Creditors Find Ways Around New Credit Card Rules


Our friend Denise Richardson, of, has posted an article about new regulations placed on credit card companies. However, creditors aren’t willing to back down so easily and are finding creative ways to bypass losses of revenue that the new rules, that came into effect on February 22 of this year, might cause.

The new regulations include:

Unfair rate increases and the universal default clause have been eliminated. This means that if you are late on one bill, a different creditor cannot use that to justify an increase in your interest rate. It also means that creditors cannot hike up the interest rate on a whim.

Limits on credit issued to the under-21 crowd are now in effect. This one protects college kids -those most sought after by creditors, from getting heavily into debt before the truly understand the repercussions and how the credit industry operates.

Fee calculations are more structured eliminating inconsistent payment cycles, over-the-limit charges without the consumer’s consent, and extra interest charges due to pesky double-cycle billing practices.

Favorable interest rates must stay in effect for new credit cards for at least 12 months unless they have been issued as a promotional rate. In that case, they must stay in effect for 6 full months unless the consumer has been 60 days or more late with his payment.

Creditors are now required to use understandable language in all documentation and fine print including applications, billing, and notices. Statements must show how long it will take to pay off the debt incurred if the consumer only makes the minimum payment due.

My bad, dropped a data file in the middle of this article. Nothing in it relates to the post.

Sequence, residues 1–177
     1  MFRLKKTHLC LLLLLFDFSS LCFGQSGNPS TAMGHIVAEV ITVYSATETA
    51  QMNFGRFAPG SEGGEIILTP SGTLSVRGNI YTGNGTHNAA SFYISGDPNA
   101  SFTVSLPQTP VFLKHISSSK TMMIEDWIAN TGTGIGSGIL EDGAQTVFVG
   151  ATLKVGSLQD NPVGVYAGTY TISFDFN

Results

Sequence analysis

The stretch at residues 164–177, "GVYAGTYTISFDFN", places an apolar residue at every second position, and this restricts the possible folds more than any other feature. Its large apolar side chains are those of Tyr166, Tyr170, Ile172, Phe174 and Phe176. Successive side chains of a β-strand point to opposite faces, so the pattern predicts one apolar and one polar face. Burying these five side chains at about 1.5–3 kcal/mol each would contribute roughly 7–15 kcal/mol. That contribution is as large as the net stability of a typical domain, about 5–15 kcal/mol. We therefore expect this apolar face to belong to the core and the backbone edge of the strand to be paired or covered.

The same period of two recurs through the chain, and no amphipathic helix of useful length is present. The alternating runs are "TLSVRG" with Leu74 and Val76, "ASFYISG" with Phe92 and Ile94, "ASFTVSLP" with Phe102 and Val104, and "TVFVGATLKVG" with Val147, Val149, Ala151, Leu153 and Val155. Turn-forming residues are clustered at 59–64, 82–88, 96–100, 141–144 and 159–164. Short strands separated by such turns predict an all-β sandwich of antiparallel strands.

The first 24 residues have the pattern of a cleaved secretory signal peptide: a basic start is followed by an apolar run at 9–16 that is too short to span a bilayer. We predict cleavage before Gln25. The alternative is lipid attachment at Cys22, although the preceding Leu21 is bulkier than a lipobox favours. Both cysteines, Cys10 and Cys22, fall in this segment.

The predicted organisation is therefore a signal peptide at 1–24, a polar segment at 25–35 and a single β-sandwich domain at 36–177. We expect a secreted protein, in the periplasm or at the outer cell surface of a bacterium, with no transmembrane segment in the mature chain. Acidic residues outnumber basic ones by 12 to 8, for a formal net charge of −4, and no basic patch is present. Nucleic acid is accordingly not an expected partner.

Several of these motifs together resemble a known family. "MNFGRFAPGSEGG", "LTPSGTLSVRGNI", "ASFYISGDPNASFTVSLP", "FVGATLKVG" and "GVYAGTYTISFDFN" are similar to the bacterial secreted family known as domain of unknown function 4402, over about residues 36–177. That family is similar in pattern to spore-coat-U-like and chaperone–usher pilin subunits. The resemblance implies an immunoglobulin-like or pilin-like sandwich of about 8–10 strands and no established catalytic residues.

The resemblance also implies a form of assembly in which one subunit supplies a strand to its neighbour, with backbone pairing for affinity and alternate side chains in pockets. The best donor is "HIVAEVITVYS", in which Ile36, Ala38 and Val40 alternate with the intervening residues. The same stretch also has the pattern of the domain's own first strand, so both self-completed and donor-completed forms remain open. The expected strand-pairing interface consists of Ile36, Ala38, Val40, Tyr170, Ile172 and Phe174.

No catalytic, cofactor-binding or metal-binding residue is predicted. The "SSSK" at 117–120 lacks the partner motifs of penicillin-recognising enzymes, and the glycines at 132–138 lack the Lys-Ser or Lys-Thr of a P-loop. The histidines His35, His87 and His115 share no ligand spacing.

Any changes to a consumer’s credit card account cannot take place until he has been given at least 45 days notice.

To replace lost revenue because of the above revisions, many credit card companies are going to start charging $1 for paper credit card statements. To avoid this, you have to sign up for electronic statements. Creditors are also adding on “inactivity fees,” increasing annual fees and reducing rewards or requiring card holders to request rewards that used to come automatically and placing expiration dates on rewards.

Creditors can also request that their customers agree to over-the-limit charges. This means consumers can exceed their monthly limit and if consumers don’t read the fine print and don’t pay attention, they can agree to this without realizing it. Credit cards with variable interest rates instead of fixed rates allow the creditor to raise the interest rate every time the primary rate goes up.

To protect yourself from any unwanted credit card surprises, be sure to read all documentation (including the fine print) the credit card companies send to you. Also, you can shop around for the best interest rate and other reward incentives.

If you have credit questions or concerns, feel free to contact us through our website or by calling 205-879-2447.

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